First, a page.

|John Gallagher, Jr. and Jessica Lange in the latest Broadway revival of Long Day's Journey Into Night.|
There's always been something off about the Tyrones, the highly dysfunctional family unit at the center of Eugene O'Neill's Pulitzer Prize-winning masterpiece Long Day's Journey Into Night. Slowly learning the many ways in which the Tyrone family isn't what it seems is one of the drama's chief pleasures, with each new revelation forcing you to reconsider your feelings about the four deeply damaged characters onstage. But in the Roundabout Theatre Company's current revival of this American classic, something is even more off than usual, and it holds this fine production back from the transcendent heights it so desperately wants to achieve.
The cast of stage and screen veterans assembled here certainly dives into their meaty roles with abandon, with each cast member offering a perfectly valid and often fascinating take on their member of the Tyrone clan. Yet these performances don't quite stylistically mesh with one another, so at times it feels like four separate productions occurring simultaneously rather than one seamless whole. Whether this is a fault in casting or direction is up for debate, but it is a noticeable issue which distracts from the impressive acting of the cast.
As the family patriarch James, Gabriel Byrne is wonderfully understated, convincingly reserved and world weary from a life full of regret and emotional turmoil. Byrne does an excellent job of using the character's Irish bluster to hide his true insecurities, and his deeply expressive eyes make it clear that every insult and accusation hurled his way stings even though James rarely vocalizes his hurt. His is an all-too-real remorse that is quietly devastating, anchoring the showier performances around him with genuine human gravitas.
Jessica Lange is often captivating as the alternatively fragile and ferocious matriarch Mary, and is particularly effective in the scenes where the character rapidly shifts from one emotional extreme to another. Lange makes the character's repeated utterance of "I don't know what you're talking about" everything from the heartbreaking possible onset of senility to a bone chilling challenge to anyone who dares question her sincerity. You're never quite sure how conscious her denial of the problems in her life is, and it makes for a fascinating character study. Yet for all she does right, Lange sometimes feels out of place; you get the feeling her Mary would work even better in a production where the other actors matched her particular style of emotionally volatile acting, rather than the more measured and stately performances favored by her current costars.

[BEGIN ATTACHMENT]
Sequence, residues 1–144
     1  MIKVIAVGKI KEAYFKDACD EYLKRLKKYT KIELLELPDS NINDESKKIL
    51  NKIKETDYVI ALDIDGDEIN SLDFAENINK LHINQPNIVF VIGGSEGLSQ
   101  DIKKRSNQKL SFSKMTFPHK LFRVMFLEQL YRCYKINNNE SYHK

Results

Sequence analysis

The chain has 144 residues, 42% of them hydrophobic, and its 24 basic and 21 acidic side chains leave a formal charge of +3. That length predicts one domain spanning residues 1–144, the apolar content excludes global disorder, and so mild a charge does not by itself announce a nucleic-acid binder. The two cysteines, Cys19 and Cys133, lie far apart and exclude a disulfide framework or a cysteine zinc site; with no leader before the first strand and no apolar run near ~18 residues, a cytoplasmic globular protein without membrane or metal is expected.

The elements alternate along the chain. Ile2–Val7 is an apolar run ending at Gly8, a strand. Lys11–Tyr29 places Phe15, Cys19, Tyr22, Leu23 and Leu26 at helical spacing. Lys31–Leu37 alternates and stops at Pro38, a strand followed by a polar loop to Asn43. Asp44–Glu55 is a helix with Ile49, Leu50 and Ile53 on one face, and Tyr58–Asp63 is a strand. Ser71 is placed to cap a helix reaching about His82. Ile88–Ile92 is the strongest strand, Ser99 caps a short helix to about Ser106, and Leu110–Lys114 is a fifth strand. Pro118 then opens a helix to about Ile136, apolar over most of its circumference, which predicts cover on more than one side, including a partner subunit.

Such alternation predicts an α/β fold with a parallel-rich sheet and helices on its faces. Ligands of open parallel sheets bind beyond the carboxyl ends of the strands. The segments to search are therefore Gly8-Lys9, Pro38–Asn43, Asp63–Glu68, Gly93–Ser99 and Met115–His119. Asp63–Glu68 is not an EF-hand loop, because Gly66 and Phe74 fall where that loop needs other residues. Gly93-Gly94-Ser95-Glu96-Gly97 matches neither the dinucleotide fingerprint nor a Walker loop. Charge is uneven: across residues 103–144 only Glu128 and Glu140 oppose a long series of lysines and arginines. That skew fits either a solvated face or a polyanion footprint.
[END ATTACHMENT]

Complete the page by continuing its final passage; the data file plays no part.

As the Tyrones' two sons, both Michael Shannon and John Gallagher, Jr. are exceptional. As the elder son, Shannon is mesmerizing, expertly forging all of the character's conflicting impulses into one multifaceted gem of a performance. Shannon's Jimmy is the most self-aware of the bunch, but also the most vindictive, purposefully agitating the rest of the family by continually bringing up their hurtful past. There's a twinkle of joy in Shannon's eyes when he gets a rise out of one of the other characters, and yet his repeated apologies are heartfelt and his own self-loathing always readily apparent. As the younger son Edmund, Gallagher, Jr. nails the character's contradictory desire to be treated as a man and need for the extra attention granted him by virtue of being the family baby. He also makes for the most interesting foil to Lange, the only one who seems to really see her even as she continually lies to herself about his ongoing medical problems.
Director Jonathan Kent makes a few choices that actively undermine his cast, including staging the play so that an unnecessarily large amount of dialogue is delivered upstage. It robs the audience of the chance to see the actors' expressive faces, and occurs enough that it becomes difficult to fully empathize with them (Lange in particular spends a lot of time speaking upstage). Also, while no one has ever accused Long Day's Journey Into Night of being a short play, Kent's decision to provide only one intermission during the play's four hour runtime turns it into an endurance test for even the most devout O'Neill fans. The last of the four acts suffers the most from this decision, with several brilliantly subtle bits of acting competing against the increasing restlessness of the audience, and the heartbreak of Lange's final monologue undercut by the relief of finally getting a break.
Overall, this Journey is admirably executed but rarely excites, making it difficult to recommend but also hard to completely dismiss. O'Neill's play is a masterwork of rare skill, infinitely complex despite its relatively straightforward setup, and something that reveals new facets of meaning on every viewing. It is something that should be experienced by every theatre lover at some point in their lives, but it would be a shame if those unfamiliar with the work mistook the flaws in this production as flaws with the play in general. Audience enjoyment will be directly tied to how interested you are in seeing these specific actors tackle these specific roles, but those who have seen multiple productions of the play probably won't find much to distinguish this revival from the rest.